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Facts in The Outcasts of Poker Flat
Facts Examples in The Outcasts of Poker Flat:
The Outcasts of Poker Flat
"swift-footed Achilles..." See in text (The Outcasts of Poker Flat)
Homer is known for using epithets (a phrase used to describe or identify a person or thing) to characterize his gods and demigods. Throughout the Iliad, Achilles is referred to as “swift-footed” due to his superior speed and evasiveness that allow him to be a great warrior. While it is tempting to think that Achilles is only “swift-footed” while avoiding danger, the epithet “swift-footed Achilles” acts more like a permanent name. Achilles is always “swift-footed,” even while standing still because it is an innate character trait.
"son of Peleus..." See in text (The Outcasts of Poker Flat)
In Greek mythology, Peleus is the king of the Myrmidons (the people of Thessaly). He married a nymph named Thetis who gave birth to the “son of Peleus,” better known as Achilles. Achilles is one of the main characters of Homer’s Iliad.
"Homeric demigods..." See in text (The Outcasts of Poker Flat)
A “demigod” in Greek mythology is a person who has only some of the powers of a god (typically because this person is both part human and part god.) “Homeric demigods” were the ancient Greek demigods that Homer featured in his epics, the most notable of which are Achilles, Helen of Troy, and Aeneas.
"Iliad..." See in text (The Outcasts of Poker Flat)
The Iliad is an epic poem from ancient Greece about the Trojan War, generally believed to have been written around 750 to 800 BCE by the Greek poet Homer. There has been some debate concerning whom to credit for writing the Iliad and the Odyssey, as Homer’s very existence as a person has been questioned. Regardless, the poems are still widely considered read and part of the Western literary canon.
"Mr. Pope's..." See in text (The Outcasts of Poker Flat)
“Mr. Pope” refers to the 18th-century English poet, translator, and satirist, Alexander Pope. Pope was a prolific writer most known for his poems but also very well-known for his verse translations. He published his translated versions of Homer’s Iliad in 1720 and The Odyssey, with the help of British poet William Broome in 1726.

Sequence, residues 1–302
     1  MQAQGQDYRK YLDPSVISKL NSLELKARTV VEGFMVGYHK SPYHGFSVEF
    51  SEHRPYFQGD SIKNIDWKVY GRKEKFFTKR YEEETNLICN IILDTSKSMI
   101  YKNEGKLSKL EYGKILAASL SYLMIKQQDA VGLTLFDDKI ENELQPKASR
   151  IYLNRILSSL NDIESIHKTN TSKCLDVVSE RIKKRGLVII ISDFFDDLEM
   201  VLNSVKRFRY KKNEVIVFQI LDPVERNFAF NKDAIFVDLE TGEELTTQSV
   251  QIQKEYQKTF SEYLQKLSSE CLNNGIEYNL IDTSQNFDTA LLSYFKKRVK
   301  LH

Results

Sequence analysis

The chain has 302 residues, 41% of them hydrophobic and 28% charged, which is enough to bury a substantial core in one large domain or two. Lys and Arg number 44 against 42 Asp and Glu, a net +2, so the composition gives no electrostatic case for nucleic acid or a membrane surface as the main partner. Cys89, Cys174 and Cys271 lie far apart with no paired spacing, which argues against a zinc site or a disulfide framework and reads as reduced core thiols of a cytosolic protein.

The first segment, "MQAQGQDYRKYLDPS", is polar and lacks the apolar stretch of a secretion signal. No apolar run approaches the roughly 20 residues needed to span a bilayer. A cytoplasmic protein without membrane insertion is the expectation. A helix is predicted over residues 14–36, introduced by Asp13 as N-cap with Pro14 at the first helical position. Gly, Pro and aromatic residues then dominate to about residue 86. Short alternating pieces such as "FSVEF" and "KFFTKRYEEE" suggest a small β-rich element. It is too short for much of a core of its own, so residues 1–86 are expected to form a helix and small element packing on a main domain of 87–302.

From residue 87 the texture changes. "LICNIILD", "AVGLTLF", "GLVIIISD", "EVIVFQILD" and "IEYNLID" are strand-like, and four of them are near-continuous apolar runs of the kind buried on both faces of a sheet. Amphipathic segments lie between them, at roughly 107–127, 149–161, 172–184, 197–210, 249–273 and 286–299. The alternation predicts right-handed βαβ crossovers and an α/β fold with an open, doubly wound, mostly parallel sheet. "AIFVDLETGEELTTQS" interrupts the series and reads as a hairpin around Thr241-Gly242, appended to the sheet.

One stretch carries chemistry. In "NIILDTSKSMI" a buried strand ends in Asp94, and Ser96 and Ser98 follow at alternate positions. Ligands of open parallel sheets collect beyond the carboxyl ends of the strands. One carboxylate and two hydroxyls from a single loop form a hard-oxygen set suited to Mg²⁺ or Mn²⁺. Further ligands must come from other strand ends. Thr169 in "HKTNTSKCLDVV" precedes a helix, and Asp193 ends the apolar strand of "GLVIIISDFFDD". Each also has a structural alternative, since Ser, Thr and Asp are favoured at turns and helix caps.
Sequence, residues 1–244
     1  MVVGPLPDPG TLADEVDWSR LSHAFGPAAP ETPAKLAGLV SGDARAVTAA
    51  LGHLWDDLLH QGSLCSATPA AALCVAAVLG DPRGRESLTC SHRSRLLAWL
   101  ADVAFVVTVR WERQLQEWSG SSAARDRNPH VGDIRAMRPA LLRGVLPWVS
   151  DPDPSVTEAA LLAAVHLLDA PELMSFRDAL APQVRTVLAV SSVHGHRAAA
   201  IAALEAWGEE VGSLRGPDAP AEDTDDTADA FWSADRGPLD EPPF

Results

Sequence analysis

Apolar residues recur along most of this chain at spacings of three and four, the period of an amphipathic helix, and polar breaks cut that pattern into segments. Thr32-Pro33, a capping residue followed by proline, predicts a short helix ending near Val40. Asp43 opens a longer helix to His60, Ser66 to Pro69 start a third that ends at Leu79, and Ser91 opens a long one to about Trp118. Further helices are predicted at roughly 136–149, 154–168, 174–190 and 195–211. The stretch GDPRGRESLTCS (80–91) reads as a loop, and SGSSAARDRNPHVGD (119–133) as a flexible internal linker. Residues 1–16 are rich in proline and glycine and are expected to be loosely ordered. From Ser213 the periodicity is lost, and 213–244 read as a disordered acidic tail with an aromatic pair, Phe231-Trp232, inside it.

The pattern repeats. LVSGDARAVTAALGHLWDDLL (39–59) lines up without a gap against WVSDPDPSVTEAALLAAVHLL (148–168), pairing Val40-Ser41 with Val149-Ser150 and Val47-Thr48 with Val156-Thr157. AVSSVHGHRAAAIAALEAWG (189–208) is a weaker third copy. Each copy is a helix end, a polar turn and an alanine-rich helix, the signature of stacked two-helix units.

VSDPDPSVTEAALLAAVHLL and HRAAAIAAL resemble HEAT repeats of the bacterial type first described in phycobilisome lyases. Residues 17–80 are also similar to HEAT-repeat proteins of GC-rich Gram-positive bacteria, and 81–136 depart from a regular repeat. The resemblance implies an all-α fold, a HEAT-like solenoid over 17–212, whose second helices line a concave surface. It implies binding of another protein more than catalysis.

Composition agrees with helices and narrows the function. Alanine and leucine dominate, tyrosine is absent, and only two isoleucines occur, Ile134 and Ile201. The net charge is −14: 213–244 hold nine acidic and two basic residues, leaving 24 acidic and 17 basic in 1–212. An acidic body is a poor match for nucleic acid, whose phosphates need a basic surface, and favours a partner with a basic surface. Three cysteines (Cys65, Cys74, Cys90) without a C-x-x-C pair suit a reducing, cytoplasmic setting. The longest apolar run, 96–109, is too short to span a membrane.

"Covenanter's swing..." See in text (The Outcasts of Poker Flat)
The Covenanters were a group of Scottish Presbyterians who signed what is referred to as the “National Covenant” in 1638. The goal of this covenant was to support religious freedom and autonomy for the Church of Scotland, which they thought to be threatened by King Charles I and the rest of the Stuart royal house. Some of the Covenanters immigrated to North America where they became known as “reformed Presbyterians” who were passionate and outspoken about their cause. The “Covenanter’s swing” that the narrator mentions here is alluding to these characteristics. The outcasts are inspired to sing the hymns not because of any religious beliefs, but because of the spirited nature of the performance.
"sluice-robber..." See in text (The Outcasts of Poker Flat)
In this context, a “sluice” is a slanted channel used to filter gold out from dirt or sand. Customarily, people would claim a certain area during their search for gold and leave their gold in the sluice for short intervals of time if needed. A “sluice-robber” is someone who would then go around stealing the gold from unattended sluices.
"Roaring Camp..." See in text (The Outcasts of Poker Flat)
“Roaring Camp” became a settlement in Felton, California, in the 1830s. In 1875, a railroad was opened in Roaring Camp, and today the town is commonly referred to as “Roaring Camp Railroads.” It has become a popular tourist destination in California due to its association with the California Gold Rush.
"Poker Flat..." See in text (The Outcasts of Poker Flat)
There are two towns that are known as “Poker Flat” in California: one that is located in Calaveras County and one that is located in the Sierra County near in the Sierra Nevada. While there has been minor dispute over which Poker Flat Harte’s story is set in, it likely depicts the latter town in Sierra County because Harte’s characters are forced to traverse part of the Sierra mountain range.